This non-professional modus operandi of the DIPR, Manipur, has had dire consequences for the Government of Manipur. Astonishingly, in the past 49 years since March 1974, the department has seen a staggering turnover of 48 Directors, highlighting the extent of the issue. To reinvigorate the administration and enhance its communication capabilities, a re-evaluation and streng-thening of the PR Depart- ment with a renewed focus on professionalism are imperative.
Democracy, often defined as “Government of the people, by the people, and for the people,” cannot function effectively without robust public relations. It is essential for public relations activities to play a vital role in assisting citizens in comprehending their rights and responsibilities within the framework of a democratic Government.
I have first hand knowledge of the current Chief Minister of Manipur’s capabilities and his deep affection for his homeland, Manipur. During his tenure as a Minister in the Ibobi Government, I, along with him and a senior journalist successfully defused a communal crisis by utilizing social media and employing sound strategies in managing National media. This example underscores the importance of meticulous planning, strategic thinking, and a professional approach to public relations when addressing crises.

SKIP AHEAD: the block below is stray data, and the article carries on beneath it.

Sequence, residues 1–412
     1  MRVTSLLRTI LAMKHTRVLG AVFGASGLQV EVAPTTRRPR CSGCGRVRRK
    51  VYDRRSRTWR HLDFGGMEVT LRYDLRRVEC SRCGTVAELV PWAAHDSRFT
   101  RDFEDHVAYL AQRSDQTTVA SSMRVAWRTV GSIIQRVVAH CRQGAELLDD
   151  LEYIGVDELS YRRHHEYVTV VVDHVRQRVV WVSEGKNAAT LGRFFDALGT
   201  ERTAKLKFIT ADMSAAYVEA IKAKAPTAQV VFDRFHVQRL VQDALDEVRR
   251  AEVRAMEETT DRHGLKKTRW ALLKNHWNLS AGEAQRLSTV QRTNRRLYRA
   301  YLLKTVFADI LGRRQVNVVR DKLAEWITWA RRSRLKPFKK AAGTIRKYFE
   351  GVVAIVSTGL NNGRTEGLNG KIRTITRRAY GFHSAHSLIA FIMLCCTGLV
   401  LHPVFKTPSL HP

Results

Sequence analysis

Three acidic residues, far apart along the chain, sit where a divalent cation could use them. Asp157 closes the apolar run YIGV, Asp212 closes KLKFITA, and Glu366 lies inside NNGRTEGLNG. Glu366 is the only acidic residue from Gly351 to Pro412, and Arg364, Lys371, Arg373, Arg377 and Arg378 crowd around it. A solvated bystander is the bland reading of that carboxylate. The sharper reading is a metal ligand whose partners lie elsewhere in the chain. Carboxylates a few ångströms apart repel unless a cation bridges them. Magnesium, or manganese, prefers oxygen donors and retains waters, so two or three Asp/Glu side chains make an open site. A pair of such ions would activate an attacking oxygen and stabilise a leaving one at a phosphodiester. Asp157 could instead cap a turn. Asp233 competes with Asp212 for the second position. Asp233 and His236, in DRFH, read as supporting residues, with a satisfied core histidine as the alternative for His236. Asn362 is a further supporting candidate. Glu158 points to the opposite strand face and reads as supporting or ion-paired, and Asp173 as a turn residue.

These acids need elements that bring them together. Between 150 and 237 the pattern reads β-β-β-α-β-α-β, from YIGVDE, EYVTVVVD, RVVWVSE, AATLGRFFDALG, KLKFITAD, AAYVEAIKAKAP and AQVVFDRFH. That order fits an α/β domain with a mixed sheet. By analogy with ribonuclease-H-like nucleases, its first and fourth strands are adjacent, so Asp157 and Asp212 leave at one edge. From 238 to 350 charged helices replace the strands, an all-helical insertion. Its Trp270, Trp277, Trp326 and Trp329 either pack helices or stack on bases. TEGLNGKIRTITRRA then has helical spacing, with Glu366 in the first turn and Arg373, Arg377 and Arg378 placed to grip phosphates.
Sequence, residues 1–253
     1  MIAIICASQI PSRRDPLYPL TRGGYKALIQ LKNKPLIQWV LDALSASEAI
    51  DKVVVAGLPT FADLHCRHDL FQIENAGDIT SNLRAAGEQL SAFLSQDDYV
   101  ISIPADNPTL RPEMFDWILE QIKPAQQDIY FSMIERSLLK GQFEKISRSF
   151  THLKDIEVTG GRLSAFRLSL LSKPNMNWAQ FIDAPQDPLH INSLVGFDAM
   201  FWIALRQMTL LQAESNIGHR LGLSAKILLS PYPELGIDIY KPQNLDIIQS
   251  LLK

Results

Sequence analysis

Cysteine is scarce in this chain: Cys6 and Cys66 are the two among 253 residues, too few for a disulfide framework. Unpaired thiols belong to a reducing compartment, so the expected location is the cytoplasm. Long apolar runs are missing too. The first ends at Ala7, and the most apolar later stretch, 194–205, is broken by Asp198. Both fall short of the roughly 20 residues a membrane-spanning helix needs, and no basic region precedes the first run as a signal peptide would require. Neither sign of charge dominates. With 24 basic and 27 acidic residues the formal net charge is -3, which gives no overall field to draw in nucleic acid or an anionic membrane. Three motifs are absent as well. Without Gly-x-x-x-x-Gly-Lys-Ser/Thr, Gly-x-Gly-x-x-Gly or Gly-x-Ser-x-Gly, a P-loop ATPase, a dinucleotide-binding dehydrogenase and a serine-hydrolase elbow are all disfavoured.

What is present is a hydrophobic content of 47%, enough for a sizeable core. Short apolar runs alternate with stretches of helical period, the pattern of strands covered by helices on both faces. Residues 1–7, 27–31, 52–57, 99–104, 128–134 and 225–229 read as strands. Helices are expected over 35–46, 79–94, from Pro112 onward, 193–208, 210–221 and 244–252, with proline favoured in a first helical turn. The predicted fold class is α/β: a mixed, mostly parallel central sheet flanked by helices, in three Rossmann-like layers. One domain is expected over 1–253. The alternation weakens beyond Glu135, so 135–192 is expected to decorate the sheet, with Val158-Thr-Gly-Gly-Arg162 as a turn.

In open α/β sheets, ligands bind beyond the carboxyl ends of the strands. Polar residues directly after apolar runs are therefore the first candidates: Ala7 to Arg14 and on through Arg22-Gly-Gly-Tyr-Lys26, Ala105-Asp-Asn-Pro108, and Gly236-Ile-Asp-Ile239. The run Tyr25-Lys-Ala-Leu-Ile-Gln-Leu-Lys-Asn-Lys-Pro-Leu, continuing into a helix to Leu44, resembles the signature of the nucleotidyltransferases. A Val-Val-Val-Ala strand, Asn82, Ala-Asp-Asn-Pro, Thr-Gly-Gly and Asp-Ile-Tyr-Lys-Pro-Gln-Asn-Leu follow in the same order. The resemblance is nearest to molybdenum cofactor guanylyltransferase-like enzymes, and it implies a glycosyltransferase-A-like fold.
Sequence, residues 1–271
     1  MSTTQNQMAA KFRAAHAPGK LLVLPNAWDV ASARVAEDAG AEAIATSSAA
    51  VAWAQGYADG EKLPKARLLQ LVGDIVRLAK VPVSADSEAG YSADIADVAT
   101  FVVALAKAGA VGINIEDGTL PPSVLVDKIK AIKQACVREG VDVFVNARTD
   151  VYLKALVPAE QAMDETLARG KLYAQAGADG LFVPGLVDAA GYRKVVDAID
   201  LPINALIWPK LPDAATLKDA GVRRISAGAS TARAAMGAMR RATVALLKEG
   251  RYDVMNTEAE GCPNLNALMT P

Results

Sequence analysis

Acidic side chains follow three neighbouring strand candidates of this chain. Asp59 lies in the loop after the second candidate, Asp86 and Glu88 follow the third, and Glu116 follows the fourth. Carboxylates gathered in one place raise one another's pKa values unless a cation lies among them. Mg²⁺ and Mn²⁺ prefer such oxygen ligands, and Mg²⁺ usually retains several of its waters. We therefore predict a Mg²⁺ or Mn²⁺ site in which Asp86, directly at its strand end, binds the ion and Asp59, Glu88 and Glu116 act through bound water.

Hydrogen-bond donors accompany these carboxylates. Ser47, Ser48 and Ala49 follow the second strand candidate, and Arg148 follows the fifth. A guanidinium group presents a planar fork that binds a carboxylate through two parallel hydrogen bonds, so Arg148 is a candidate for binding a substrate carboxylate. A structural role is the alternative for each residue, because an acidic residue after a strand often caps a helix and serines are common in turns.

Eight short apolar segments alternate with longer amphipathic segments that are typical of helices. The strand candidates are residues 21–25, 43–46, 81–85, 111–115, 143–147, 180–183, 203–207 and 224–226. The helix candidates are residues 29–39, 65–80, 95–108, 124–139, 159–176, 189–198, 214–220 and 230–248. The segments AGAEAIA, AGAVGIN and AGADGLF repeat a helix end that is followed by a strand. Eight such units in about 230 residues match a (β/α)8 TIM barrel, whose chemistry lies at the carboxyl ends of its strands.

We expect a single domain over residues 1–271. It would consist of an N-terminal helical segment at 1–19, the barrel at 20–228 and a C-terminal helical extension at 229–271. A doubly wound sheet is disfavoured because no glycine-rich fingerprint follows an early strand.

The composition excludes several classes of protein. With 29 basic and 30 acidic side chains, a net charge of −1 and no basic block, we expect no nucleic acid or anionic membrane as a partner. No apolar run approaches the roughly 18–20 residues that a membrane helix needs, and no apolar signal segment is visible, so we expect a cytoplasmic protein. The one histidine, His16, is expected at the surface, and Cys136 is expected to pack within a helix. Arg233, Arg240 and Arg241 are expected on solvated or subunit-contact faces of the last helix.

Handling both the preparation of messages and media management is a complex task that requires skill and precision. Effectively communicating essential messages to the masses can falter if we overlook even a single letter, as the word “Mass” can inadvertently become “Ass Communication.” This highlights the delicate nature of mass communication and emphasizes the necessity of professional expertise in PR practices.
Propaganda, as a means of persuasion, ultimately proves ineffective and self-defeating. It often lacks ethical content and is predominantly associated with persuasion driven solely by self-interest, often necessitating the distortion or even falsification of facts to achieve its objectives.
In contrast, Public Relations (PR) embraces a broader and more responsible approach, characterized by a commitment to long-term relationships and a genuine desire to persuade while fostering mutual understanding.
Public Relations aims to secure the voluntary acceptance of attitudes and ideas. It can only succeed when founded on an ethical foundation and when truthful means are employed. This distinction underscores the importance of ethical principles and honesty in effective communication and relationship-building.
An interesting example of propaganda is ‘India Shining’ of NDA Government led by Atal Bihari Vajpayee of BJP in the election campaign of 2004, which did not succeed because rural India was suffering. Later, LK Advani, BJP leader admitted the campaign title should have been ‘Indian Rising’ instead of ‘India Shining’.